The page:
My name is Yohanan. You know me by the name John. My Father’s name is Zechariah and my mother’s name is Elizabeth. I was an only child, and a surprise at that. My parents were told they would never have children, that my mother was barren. Oh how my parents prayed for children. And finally, just when they had given up hope, just when my mother was almost past child bearing age, she got pregnant with me. At a time when most of her friends had grand children, she was having her first child. Her prayers had been answered. Maybe that was why I was always different. She was so overjoyed by finally having a child and a son that she kept praising God. She kept praying and praising the God who did not forget her, even if he took longer than she thought he should have! Anyhow, her people were good Jews firmly established in Jerusalem. My father’s people were rural priests-holy ones. My mother’s faith is what drew my father to her. But he didn’t realize how much like her family she was. (Laugh). You never do. They argued. Anyhow, I was different from my friends. Really different. I was restless. I was always ill at ease. Like my ancestors, whenever it got overwhelming, I went to the desert and tried to pay attention to what was bothering me. I would sit and listen. I knew God was behind some of what was bothering me but I couldn’t quite put my finger on it. As hard as I tried to pay attention….it was painful. I would go to the desert, sit for a couple of days listen and I would almost get it, almost, but would have to eat or drink, and then would return to my parents village, just on the outskirts of Jerusalem. And I would still be restless. It was almost an ache. Finally, unable to bear it any more, I just left. I retreated to the desert and stayed there most of the time. I ate what I could find, mostly locusts, and some honey. When I was thirsty I would drink at the Jordan River. My clothes wore through quickly. I made do with what I could find. I guess I was kind of wild looking. But I kept in touch with folks. People think the desert is totally bleak but there are unmarked paths that folks use to get from one place to another. And people also congregate where there is water. So I would hear what was going on in Jerusalem. And the more I heard, the more distraught I became. I think my dis ease when I was home came from seeing how people treated each other in Jerusalem. Here we were, Jews under Roman occupation. You would think we would have helped each other. But no the tribal fights, you know, among my cousins and their families, carried over into Jerusalem. Some of my family members were super religious. Others used our religion for profit. Other relatives were still waiting for a Messiah to rescue us and return us to our former glory. Many thought that was a pipe dream, that we should accept the current reality and make the most of it. And make the most of it they tried. They colluded, COLLUDED with the Romans. They used their name and connections to make money, lots of it, in the Roman system. And often it was at the expense of other people. They became lackeys of the Roman Empire, an empire that used our labor, sometimes to the point of death. They were in with the Romans. And some of these folks were my mother’s people. It was sad. She was so holy and yet so blind to what her family was doing. My father would argue with her. It was only when I left that that I could really see and hear what was going on. But I felt so conflicted. I loved my parents, loved all the best that was in them. I loved our little house Temple where we worshipped behind closed doors. But leaving let me hear what God better. Leaving let me be more of who God was calling me to be. I wasn’t sure where I was being led. I had no idea what the outcome would be. I just knew I had to pay attention and trust God. And so I went. And when I came across people in the desert, I would ask: how are things in Jerusalem? And I would hear the same thing: those with power, however tenuous, using and abusing those without. I felt such anger. I felt such anguish. I would start quoting the scriptures, the prophets of old. If the Jews in Jerusalem wanted God to restore us to power, abusing people was not the way to go. Our ancestors, Isaiah, Hosea, Ezekiel, Jeremiah, and Micah, all of our ancestors kept pointing that out. That kind of behavior only leads to more death. I was frustrated and anguished and angry. I started speaking out. And people started seeking me out. Some of the folks who came to hear me had bit roles in the Roman Empire. And after hearing me, they would feel guilty. What do we do, they wondered? Wash yourself of your sins! I would tell them. How? They would ask. I remembered that somewhere in the scriptures I heard growing up, a couple of the prophets would wash away people’s sins so when these folks wanted to repent, I would take them to the Jordan and baptize them. It wasn’t totally out of my tradition. And you all, your modern Jewish brothers and sisters have ritual washing- mostly the women, but sometimes the men. There is something your modern Jews call a Mikveh- a ritual bath. And your Muslim brothers and sisters do something called wudu- ritual washing, before they pray at the mosque or masjid. Washing away sin was not unusual. In fact it can be really powerful. At least it was for the folks who came to me, who heard my anguish, who understood that everyone felt short of the glory of God that lived in them. Many of the folks who came to hear me, eventually understood that we all live in ways that dishonor our souls. We all live in ways that dishonor our souls. They began to recognize that. And that was the beginning. The forgiveness, the washing away was the beginning. I had to remind them that it is not enough to say I’m sorry. Repentance means turning around, turning back to God. So as I baptized them, I told them their sins were forgiven. Then I added, go and sin no more. After a while I heard that some of the folks that got baptized went back and found different ways to live in a very tense situation. Found ways to live that didn’t hurt other people. Sometimes, they changed jobs. Sometimes they spoke up and risked arguments and ostracism. But it made a difference. For them, and for other people. And soon that happened enough that folks came looking for me. One day I looked up and saw a whole mess of people coming to the river. There were Roman soldiers. Decent pious people were there and some not so decent and no so pious. And when I started preaching repentance for sins, they are started smirking as they looked at each other. It was like they are thought the others there had to repent, but not them. They were all pointing fingers. Including my mother’s people. They were just sure I couldn’t be talking about them. I had enough. I looked those opportunistic people and yelled: you brood of vipers! I called them snakes. Snakes, even lower than pigs! I was so angry. Some walked away. Some were shocked and came forward. And those that came forward, they would be the ones who would end up following my cousin Joshua. You know him by the name Jesus. But that is another story. Before you can get to his story, before his story can really make a difference in your life, you need to wait. You need to pay attention. Even the best among you, and I know there are some really good people here, even those folks need to search their hearts and ask what is there that is keeping them from being all that God calls them to be. What is it? Pay attention! Pay attention. You will miss the goods news of my cousin Jesus if you don’t.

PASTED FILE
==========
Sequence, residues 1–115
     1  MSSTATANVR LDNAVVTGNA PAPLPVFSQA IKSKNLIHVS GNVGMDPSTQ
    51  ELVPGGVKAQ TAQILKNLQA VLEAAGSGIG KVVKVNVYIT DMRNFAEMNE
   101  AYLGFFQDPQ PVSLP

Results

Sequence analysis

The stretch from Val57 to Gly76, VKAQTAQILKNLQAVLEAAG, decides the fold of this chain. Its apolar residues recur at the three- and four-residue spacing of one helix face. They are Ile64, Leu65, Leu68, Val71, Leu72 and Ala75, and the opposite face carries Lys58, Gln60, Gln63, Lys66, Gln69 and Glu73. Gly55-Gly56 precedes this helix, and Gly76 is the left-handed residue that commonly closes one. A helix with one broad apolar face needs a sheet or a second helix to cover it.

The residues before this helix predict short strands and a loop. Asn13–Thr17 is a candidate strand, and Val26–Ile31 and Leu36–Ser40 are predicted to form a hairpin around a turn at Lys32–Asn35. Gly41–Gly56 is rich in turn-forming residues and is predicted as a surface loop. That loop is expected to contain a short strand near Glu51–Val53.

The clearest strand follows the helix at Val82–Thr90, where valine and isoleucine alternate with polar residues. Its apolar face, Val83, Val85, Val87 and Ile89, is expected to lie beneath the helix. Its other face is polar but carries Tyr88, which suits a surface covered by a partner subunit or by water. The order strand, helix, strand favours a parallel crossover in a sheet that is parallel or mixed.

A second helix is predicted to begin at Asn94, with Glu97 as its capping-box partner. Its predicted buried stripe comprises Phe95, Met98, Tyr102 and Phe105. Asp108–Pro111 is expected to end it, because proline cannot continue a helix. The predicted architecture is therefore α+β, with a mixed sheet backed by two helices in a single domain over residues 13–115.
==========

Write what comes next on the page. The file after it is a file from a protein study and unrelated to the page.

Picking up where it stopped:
Before I close, one of the people I ticked off was Herod’s wife. She manipulated her daughter into asking for my head. So I am off to martyrdom. But I think your Pastor will invite you to renew your baptismal vows. It might be a good idea to do that before you hear the rest of the story—the part about my cousin Jesus. Can’t hurt right? Might even help: might help Jesus grow up in your heart. My journey is almost over. Yours has just begun. Blessings to you as you continue on your journey.